http://havanajournal.com/politics/entry/canada-cuba-must-talk-publicly-says-minister/

HavanaJournal.com: Cuba Politics

Canada, Cuba must talk publicly, says minister

Posted May 20, 2009 by Cubana in Cuba Politics.
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By Mike Blanchfield, Canwest News Service

Canada’s cabinet minister for Latin America says he has no regrets about chiding Cuba on human rights, even though Havana abruptly canceled the trip he was to make there next week.

But Peter Kent, minister of state for foreign affairs for the Americas, says Canada has only good intentions in helping Cuba reform. That’s because it stands “at a crossroads in history” with positive overtures coming from U.S. President Barack Obama that could end the half-century-old U.S. embargo which the minister says has isolated Cuba.

In an interview with Canwest News Service and Global News, Kent said the quiet diplomacy or “constructive engagement” of past Liberal governments has not worked and that Canadians expect their government to conduct human rights discussions in the open, not behind closed doors.

“This government is much more open in its discussion of foreign policy in speaking up on human rights, not just in the Cuban situation, but in other countries around the world and I think that the Canadian public as well, as perhaps citizens of Cuba . . . deserve a chance to see the process,” said Kent.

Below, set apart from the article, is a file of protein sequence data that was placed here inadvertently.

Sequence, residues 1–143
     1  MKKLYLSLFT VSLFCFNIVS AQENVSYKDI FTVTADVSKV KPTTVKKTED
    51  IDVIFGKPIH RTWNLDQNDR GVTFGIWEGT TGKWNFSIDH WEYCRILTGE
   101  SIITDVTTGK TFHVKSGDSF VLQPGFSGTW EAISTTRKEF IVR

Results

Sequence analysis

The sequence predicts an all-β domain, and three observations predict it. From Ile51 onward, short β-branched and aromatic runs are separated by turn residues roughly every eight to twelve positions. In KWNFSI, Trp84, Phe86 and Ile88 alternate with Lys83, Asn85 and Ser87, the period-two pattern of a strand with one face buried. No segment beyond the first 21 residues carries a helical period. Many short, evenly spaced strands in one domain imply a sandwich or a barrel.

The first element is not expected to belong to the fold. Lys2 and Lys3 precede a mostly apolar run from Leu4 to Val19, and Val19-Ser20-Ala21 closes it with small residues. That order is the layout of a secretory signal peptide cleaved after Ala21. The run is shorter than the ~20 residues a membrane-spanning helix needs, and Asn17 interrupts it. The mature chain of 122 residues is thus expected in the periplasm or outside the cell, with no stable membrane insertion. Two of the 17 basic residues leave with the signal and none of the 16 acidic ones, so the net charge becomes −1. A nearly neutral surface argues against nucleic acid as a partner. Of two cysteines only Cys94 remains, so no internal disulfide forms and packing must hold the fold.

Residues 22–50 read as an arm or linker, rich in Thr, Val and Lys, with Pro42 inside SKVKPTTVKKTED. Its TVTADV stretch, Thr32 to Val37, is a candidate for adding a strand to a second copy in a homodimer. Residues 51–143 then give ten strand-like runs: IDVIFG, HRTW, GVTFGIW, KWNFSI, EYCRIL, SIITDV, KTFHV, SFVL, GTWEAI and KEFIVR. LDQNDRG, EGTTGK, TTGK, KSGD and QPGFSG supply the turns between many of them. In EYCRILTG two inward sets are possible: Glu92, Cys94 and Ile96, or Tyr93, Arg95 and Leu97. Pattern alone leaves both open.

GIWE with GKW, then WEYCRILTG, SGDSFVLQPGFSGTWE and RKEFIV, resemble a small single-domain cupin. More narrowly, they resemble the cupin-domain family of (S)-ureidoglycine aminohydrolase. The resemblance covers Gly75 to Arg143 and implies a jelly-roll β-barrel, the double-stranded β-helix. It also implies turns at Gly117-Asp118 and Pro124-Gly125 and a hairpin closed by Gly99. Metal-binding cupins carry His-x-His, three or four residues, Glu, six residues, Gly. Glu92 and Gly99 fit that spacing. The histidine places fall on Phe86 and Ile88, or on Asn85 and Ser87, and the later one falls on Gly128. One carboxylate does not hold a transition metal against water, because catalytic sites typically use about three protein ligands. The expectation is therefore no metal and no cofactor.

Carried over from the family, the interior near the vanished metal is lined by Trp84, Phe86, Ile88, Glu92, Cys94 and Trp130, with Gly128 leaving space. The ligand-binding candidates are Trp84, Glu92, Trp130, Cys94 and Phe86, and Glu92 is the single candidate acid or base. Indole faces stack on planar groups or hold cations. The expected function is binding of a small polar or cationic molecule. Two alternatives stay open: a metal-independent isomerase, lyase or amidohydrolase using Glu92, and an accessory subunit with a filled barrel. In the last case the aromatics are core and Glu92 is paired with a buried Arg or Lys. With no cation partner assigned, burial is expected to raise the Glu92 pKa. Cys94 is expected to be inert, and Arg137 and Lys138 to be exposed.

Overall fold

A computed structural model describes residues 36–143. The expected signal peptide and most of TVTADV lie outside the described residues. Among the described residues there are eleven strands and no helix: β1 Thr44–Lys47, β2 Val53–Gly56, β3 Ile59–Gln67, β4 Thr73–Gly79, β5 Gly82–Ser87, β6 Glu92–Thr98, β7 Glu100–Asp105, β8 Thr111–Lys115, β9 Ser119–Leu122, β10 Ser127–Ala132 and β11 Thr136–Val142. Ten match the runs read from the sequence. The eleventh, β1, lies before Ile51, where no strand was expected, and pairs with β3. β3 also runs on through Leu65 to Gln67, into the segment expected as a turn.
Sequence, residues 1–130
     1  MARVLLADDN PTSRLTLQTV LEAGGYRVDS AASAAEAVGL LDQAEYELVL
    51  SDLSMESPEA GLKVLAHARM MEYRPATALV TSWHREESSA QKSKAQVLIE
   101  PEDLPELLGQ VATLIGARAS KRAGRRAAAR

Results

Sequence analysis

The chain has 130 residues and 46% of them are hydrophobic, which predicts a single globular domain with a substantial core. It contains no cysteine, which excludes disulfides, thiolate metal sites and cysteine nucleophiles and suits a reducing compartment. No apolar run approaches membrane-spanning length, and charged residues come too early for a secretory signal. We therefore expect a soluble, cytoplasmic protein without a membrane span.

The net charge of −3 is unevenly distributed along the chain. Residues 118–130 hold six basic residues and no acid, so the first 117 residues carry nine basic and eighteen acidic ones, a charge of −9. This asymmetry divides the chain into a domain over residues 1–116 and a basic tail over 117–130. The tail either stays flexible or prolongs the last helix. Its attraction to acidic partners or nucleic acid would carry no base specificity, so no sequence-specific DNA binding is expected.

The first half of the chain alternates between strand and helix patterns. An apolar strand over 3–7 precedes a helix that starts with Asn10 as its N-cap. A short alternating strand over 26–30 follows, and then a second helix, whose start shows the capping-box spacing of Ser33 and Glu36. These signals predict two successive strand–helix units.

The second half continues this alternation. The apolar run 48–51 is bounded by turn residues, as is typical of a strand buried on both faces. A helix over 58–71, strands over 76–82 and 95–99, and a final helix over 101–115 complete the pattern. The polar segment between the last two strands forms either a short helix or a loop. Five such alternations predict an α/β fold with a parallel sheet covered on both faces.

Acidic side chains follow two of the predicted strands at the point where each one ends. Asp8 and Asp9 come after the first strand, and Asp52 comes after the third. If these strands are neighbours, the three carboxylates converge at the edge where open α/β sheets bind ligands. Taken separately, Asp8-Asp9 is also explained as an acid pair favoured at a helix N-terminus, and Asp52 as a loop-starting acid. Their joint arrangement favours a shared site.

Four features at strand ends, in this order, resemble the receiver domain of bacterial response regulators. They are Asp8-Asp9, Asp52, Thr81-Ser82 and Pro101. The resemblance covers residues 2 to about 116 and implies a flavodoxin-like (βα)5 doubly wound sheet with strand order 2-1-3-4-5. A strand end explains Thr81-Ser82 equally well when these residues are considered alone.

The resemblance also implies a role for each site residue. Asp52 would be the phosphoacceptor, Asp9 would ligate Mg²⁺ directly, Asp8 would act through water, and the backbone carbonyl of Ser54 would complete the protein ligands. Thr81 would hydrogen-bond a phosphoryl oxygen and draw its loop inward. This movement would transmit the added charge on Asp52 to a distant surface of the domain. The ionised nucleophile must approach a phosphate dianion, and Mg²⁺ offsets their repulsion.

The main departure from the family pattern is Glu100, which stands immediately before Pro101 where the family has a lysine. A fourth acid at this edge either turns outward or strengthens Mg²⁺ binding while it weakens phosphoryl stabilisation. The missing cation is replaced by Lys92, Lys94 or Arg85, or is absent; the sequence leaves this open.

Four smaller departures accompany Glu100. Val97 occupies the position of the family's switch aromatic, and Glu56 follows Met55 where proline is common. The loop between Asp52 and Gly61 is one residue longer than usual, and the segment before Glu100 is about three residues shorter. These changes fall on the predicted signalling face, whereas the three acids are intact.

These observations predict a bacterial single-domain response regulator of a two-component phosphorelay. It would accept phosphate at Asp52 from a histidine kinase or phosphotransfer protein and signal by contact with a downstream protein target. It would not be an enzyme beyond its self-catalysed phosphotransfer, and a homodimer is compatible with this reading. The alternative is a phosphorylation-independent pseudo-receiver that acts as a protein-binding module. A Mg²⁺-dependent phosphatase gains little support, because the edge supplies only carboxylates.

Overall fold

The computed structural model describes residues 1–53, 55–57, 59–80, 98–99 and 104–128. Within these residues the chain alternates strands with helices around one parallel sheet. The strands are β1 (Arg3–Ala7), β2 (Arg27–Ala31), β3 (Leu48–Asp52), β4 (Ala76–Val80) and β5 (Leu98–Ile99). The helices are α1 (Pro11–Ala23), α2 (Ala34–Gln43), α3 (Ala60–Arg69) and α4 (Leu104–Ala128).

“We are very understanding of the Cuban situation. They have been isolated through the years of the Cold War by the Helms Burton embargo, but Cuba stands today at a crossroads of history and Canada.”

Kent learned 10 days ago that his planned trip to Havana was no longer possible. The Cuban government gave no clear explanation other than it would not be able to accommodate him. It is unclear whether Kent’s tough language—as well as some frank talk from Prime Minister Stephen Harper about Cuba’s totalitarian state—rubbed the Cuban communist regime the wrong way.

Kent has previously said he wanted to use the trip to prod the Castro regime to release political prisoners, to show better respect for human rights and to open itself up to allowing meaningful political dissent.

Member Comments

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On May 21, 2009, bernie wrote:

I beleive people are beginning to realize that the use of human rights is a smoke screen, exactly what the real reasons for accusing Cuba of human rights issues when most countires have abusive human rights is a total contradiction.  The Canadians & US have a deporable record of the treatment